- The Act allows Jamaica to put into practice declarations passed by the UN Security Council under Chapter VII of its Charter.
- This is the third Bill which seeks to address the requirements of the CFATF.
- Leader of Opposition Business in the Senate, Senator Arthur Williams, said the Bill has the full support of the Opposition.
A Bill to enable Jamaica’s fulfillment of its commitments to the Caribbean Financial Action Task Force (CFATF), was passed in the Upper House on November 1 with bi-partisan support.
The United Nations Security Council Implementation Act 2013 also allows Jamaica to put into practice declarations passed by the UN Security Council under Chapter VII of its Charter, which deals specifically with the maintenance of international peace and security.
Minister of Justice and Government Senator, Hon. Mark Golding, pointed out that this is the third of a trilogy of Bills that have been brought to Parliament recently, which seek to address the requirements of the CFATF, a regional organisation committed to combating money laundering and terrorism in the wider Caribbean.
The others are the amendments to the Terrorism Prevention Act, and the amendments to the Proceeds of Crime Act, which deals with money laundering.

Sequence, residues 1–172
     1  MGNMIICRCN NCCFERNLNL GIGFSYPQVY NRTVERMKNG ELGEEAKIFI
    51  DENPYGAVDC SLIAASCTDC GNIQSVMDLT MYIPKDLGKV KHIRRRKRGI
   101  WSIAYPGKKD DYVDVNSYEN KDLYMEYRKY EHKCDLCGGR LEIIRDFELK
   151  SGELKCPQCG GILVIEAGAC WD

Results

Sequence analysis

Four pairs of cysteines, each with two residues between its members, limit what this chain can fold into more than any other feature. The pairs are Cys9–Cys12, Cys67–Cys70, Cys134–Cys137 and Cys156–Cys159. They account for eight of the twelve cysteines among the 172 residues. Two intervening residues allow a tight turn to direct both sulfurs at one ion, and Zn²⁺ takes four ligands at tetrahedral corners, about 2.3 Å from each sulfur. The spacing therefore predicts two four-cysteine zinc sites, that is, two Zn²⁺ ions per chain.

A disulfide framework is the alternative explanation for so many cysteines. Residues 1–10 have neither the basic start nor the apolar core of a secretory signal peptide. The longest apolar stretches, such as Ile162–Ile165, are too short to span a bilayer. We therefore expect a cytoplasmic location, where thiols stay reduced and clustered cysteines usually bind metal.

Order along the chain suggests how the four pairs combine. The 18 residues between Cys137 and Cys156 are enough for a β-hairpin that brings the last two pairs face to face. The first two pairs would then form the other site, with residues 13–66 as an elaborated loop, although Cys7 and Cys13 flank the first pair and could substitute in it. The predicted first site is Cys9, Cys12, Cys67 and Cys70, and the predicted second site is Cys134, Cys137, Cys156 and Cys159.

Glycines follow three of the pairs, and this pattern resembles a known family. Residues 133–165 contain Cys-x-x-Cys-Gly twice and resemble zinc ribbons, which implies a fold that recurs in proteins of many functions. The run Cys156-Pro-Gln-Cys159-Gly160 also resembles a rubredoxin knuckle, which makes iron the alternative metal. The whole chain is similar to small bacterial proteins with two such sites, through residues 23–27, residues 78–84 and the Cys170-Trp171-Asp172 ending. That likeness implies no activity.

He further noted that the Bill was also introduced to allow Jamaica to fulfill its obligations under the UN Security Council.
Senator Golding informed that resolutions passed under Chapter VII of the UN Charter are binding on all UN member states and must be implemented. Failure by a member state to implement the resolutions can render that state liable to criticism or the imposition of sanctions by the Security Council, as well as expose the state to similar treatment from multilateral institutions or at the bilateral level.
These resolutions are country or subject-specific and are imposed by the Security Council as a last resort when it considers that a country or situation has reached the stage where it poses a threat to international peace and security.
“The resolutions may contain measures, i.e. sanctions designed to either maintain or restore international peace and security,” Senator Golding said.
Examples of country-specific resolutions include those imposed on Libya, Iran, Syria, and the Democratic People’s Republic of North Korea. Subject specific resolutions may deal with issues such as the proliferation of weapons of mass destruction.
In his contribution, Leader of Opposition Business in the Senate, Senator Arthur Williams, said the Bill has the full support of the Opposition, as it now “provides the proper legislative framework” for Jamaica to implement recommendations made by the UN Security Council.
The legislation was passed with two amendments.